Enhance the Movie Experience

Movie & Meal DealEver since the motion picture first burst onto the silver screen, people have wanted to enhance the cinematic experience. From 3D and IMAX to Smell-O-vision, just about every trick in the book has been used to make you feel part of the film, rather than an outside observer. To this fine canon of techniques, UK retailer Tesco and on-line movie service blinkbox are adding….food.

For their “Movie & Meal Deal“, Tesco and blinkbox commissioned top neuroscientist, Dr. Jack Lewis, to study the effects of active ingredients on people’s brains and then suggest food types that complement the movie-watching experience. His findings gave Tesco and blinkbox the perfect, if somewhat unusual, combinations for the ultimate movie night in.

Dr. Lewis reckons these foods match the movie genres.

  • Action – Sun-dried tomatoes coated in cocoa powder will raise noradrenaline which is instrumental to sensations of excitement
  • Comedy –  Fresh fish stuffed with beetroot and coleslaw to supplement the nitric oxide system and improve dopamine availability in the pleasure pathways of your brain
  • Drama – Chopped lemon, lime and mint sandwich drizzled with chilli sauce on wholewheat bread to trigger the RAS (reticular activating system) to remain alert and focused.
  • Horror – Chicken marinated in freshly brewed coffee will take you out of your comfort zone and raise levels of anxiety
  • Romance – Curl up with a spicy curry (not chocolate!) to top up your libido-stoking testosterone levels

Everyone knows that certain drugs can change the way you feel, but the chemicals we take into our bodies through our diet can also have an effect on our mood,” says Dr. Jack Lewis “Choosing to eat certain foods, whilst leaving others out, regulates the availability of ‘raw materials’ that the brain’s chemical messengers are created from. This means that you can tailor your meals to create the perfect mood for a movie night in, no matter what the genre.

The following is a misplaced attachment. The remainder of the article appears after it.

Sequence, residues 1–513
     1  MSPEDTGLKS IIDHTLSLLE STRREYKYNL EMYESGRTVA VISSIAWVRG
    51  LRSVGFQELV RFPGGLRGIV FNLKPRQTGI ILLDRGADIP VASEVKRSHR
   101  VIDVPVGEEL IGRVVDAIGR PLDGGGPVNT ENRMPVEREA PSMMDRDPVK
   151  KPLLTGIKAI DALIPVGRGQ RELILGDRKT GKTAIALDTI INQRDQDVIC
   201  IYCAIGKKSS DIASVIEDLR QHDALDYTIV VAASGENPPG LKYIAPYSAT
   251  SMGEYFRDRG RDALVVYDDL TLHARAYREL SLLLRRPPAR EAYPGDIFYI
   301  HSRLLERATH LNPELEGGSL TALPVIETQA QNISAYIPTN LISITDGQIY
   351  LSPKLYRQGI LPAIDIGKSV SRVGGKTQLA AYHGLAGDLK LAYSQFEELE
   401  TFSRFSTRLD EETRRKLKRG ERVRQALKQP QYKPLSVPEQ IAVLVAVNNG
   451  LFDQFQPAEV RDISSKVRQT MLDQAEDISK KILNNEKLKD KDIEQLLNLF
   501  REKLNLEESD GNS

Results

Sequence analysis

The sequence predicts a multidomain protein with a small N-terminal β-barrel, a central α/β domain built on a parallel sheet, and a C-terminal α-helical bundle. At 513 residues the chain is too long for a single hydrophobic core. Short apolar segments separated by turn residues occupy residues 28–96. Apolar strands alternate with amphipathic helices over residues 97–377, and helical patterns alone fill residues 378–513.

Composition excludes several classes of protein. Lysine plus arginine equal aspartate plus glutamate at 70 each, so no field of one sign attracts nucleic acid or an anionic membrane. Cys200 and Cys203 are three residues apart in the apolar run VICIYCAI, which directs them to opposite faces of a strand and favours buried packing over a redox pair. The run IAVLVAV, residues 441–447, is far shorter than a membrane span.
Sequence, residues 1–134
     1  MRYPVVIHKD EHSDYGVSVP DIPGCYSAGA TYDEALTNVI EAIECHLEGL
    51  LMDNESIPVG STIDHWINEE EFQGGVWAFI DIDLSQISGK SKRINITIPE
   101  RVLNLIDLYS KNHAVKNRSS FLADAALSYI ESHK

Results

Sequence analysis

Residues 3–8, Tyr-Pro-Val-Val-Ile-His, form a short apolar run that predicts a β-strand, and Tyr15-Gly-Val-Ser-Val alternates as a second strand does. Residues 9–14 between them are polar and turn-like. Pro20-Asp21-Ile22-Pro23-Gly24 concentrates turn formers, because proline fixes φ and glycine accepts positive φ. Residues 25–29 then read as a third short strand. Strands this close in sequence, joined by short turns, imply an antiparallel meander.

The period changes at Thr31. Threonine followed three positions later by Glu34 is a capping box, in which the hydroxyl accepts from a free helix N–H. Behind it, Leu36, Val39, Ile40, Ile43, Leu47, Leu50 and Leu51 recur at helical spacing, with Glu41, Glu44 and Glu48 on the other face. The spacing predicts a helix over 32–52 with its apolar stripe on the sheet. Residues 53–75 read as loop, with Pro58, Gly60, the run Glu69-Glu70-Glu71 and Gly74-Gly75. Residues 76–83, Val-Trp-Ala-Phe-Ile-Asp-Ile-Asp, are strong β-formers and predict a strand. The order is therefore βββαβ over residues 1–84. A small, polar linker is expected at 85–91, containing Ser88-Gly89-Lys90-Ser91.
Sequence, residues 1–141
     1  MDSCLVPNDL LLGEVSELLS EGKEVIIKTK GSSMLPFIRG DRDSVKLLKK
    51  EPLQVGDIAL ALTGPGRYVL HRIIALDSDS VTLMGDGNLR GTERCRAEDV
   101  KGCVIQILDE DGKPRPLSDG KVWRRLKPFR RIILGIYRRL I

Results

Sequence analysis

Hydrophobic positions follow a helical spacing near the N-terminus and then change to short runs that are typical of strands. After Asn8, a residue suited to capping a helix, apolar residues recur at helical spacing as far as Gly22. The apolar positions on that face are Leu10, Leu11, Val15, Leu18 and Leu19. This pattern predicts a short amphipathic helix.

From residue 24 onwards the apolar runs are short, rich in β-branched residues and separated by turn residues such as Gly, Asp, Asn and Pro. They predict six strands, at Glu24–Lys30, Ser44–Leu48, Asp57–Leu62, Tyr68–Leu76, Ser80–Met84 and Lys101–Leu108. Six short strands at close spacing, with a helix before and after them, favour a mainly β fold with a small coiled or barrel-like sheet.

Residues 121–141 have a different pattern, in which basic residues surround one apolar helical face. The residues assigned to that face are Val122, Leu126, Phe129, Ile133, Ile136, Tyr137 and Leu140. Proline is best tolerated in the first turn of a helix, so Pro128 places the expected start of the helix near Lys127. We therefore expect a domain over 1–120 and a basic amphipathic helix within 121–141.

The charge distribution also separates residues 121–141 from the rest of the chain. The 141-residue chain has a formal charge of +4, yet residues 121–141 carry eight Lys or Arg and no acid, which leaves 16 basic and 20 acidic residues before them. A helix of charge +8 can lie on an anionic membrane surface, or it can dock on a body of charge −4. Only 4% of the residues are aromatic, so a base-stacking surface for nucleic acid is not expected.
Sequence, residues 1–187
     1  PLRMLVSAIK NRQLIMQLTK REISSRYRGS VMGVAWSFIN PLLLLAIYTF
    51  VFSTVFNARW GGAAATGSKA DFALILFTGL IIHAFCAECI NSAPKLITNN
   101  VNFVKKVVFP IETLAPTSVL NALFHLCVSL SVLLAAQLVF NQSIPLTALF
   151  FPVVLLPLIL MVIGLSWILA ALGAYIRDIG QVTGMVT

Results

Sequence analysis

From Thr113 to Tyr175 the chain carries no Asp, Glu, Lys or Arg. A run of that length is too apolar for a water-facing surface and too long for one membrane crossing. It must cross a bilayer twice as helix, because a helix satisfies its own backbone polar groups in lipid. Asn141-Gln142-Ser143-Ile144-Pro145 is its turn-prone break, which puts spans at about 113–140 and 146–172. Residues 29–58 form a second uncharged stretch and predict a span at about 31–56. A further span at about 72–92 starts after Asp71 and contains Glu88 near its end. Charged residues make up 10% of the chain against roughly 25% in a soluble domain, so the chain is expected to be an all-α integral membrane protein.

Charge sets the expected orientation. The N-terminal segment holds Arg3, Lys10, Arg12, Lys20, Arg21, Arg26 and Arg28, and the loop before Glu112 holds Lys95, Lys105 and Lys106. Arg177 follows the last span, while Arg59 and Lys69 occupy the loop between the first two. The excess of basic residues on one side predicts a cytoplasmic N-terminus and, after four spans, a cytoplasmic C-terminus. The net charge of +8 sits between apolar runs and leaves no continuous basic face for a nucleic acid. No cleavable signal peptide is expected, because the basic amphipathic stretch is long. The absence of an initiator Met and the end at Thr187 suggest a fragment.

The “Move & Meal Deal” is a partnership between Tesco and blinkbox: buy a variety of food and drinks from Tesco and then rent a blinkbox new release movie for just £2 instead of the usual price of £3.49.

Me, I think I’ll stick to popcorn.

Oxygen Audio O Car Integrated Head Unit for iPhone

Andy sounds out French auto audiophiles Oxygen Audio and their award-winning O Car integrated head unit for the iPhone. It’s totally awesome – the iPhone mounts into the head unit of the car stereo and then acts as the controller for all the audio functions, including playing from iTunes.  There’s even an RDS tuner built into the unit for the radio. Even better, the iPhone can move away from the head unit on a swivel and can be used as normal, running any apps that you want – GPS, Pandora, whatever. Of course, there’s full Bluetooth integration. Absolutely brilliant. Check out the pictures below and you’ll get the idea. Yeah, you want one.

Available now in France and will be shipping very shortly in the USA for around $300. See, I told you…you want one.

Interview by Andy McCaskey of SDR News.

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Should You Pay For Content?

I was listening to a podcast where the hosts were chatting back and forth about the newly offered Hulu Plus, where for $10 dollars a month, you can get Hulu on a wide variety of devices including smart phones and over-the-top Internet TV boxes. Hulu is also offering a somewhat wider, but still incomplete back catalog archive of shows. One of the hosts was saying he wouldn’t pay for content, he wanted it “for free.”

Whether we realize it or not, we are all paying for content, either directly or indirectly. Even if we have only a TV antenna and watch only the local TV channels, we are still paying for content indirectly via advertising. When we buy consumer products of virtually any kind, part of what we pay goes for advertising, which pays for content creation.

If we are paying indirectly only, someone else is deciding for us as to the quality of the programming content. We can either consume that content or not, but we still pay as consumers buying products. We have very little indirect control over what gets put on the air. On the other hand, if we pay for content directly, then we have far greater control over the quality of the media we are consuming.